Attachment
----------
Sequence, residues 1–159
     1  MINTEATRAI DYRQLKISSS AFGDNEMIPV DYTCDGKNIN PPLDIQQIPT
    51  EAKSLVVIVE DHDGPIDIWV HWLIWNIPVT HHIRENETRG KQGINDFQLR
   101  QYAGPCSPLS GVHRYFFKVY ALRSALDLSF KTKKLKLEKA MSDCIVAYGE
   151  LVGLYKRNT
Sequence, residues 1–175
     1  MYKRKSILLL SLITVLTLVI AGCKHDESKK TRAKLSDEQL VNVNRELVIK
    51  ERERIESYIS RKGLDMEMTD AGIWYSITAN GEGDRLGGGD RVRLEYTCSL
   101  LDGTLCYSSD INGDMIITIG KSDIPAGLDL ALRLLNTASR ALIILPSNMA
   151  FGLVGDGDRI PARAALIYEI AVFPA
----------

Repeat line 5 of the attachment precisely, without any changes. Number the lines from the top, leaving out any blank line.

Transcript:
   151  LVGLYKRNT